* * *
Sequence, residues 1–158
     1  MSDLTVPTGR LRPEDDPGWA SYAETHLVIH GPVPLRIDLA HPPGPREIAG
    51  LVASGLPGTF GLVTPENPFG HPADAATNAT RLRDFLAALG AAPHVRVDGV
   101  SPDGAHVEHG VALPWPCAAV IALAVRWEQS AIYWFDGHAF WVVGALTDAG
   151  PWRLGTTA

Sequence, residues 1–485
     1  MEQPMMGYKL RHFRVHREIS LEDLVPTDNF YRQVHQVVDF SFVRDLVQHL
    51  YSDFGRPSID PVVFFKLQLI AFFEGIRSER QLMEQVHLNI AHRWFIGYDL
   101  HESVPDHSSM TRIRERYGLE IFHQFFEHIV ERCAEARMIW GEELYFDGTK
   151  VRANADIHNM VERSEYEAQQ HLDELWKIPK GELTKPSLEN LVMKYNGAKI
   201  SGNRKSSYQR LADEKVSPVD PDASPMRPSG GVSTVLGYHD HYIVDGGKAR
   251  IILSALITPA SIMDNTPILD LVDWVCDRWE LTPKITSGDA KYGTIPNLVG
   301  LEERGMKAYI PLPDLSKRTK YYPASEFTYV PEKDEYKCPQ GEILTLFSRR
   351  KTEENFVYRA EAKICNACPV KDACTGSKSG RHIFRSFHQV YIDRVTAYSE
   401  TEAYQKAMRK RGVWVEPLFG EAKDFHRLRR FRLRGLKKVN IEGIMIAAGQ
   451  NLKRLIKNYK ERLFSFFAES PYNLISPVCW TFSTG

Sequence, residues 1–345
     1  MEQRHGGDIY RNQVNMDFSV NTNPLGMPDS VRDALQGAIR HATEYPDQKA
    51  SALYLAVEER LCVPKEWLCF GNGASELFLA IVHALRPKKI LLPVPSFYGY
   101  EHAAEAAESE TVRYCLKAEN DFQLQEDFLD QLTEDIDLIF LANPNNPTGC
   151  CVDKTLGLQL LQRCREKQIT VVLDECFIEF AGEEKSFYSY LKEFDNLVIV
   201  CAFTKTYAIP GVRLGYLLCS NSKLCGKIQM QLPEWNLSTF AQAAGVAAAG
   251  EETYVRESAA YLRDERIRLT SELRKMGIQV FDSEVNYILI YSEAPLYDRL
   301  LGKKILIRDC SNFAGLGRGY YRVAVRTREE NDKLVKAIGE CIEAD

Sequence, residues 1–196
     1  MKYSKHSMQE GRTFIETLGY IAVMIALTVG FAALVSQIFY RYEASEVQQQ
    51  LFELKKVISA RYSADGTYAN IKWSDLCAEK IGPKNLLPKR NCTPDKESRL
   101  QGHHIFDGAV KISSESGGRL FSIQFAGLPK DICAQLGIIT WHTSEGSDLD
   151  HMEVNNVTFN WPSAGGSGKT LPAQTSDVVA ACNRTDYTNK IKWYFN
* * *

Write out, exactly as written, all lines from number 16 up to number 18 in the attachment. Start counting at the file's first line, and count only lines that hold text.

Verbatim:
   451  NLKRLIKNYK ERLFSFFAES PYNLISPVCW TFSTG

Sequence, residues 1–345
     1  MEQRHGGDIY RNQVNMDFSV NTNPLGMPDS VRDALQGAIR HATEYPDQKA